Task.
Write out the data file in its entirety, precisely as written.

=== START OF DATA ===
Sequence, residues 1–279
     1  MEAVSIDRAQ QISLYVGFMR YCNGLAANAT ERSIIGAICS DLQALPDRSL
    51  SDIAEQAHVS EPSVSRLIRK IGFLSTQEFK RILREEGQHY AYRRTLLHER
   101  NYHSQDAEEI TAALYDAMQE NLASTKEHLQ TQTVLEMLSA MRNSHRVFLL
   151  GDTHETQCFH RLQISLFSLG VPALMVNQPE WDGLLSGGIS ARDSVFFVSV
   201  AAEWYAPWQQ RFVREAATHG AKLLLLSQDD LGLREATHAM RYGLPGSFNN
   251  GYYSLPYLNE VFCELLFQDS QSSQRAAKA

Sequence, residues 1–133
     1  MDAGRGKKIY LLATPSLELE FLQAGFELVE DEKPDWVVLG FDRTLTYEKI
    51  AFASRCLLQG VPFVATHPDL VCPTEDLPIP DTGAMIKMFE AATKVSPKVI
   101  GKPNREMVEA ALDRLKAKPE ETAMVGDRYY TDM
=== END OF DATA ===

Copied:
Sequence, residues 1–279
     1  MEAVSIDRAQ QISLYVGFMR YCNGLAANAT ERSIIGAICS DLQALPDRSL
    51  SDIAEQAHVS EPSVSRLIRK IGFLSTQEFK RILREEGQHY AYRRTLLHER
   101  NYHSQDAEEI TAALYDAMQE NLASTKEHLQ TQTVLEMLSA MRNSHRVFLL
   151  GDTHETQCFH RLQISLFSLG VPALMVNQPE WDGLLSGGIS ARDSVFFVSV
   201  AAEWYAPWQQ RFVREAATHG AKLLLLSQDD LGLREATHAM RYGLPGSFNN
   251  GYYSLPYLNE VFCELLFQDS QSSQRAAKA

Sequence, residues 1–133
     1  MDAGRGKKIY LLATPSLELE FLQAGFELVE DEKPDWVVLG FDRTLTYEKI
    51  AFASRCLLQG VPFVATHPDL VCPTEDLPIP DTGAMIKMFE AATKVSPKVI
   101  GKPNREMVEA ALDRLKAKPE ETAMVGDRYY TDM